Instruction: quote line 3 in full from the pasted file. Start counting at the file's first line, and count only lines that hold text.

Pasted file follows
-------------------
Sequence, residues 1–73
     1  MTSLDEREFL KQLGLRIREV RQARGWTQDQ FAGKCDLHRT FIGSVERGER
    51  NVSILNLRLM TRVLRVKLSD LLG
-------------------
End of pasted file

    51  NVSILNLRLM TRVLRVKLSD LLG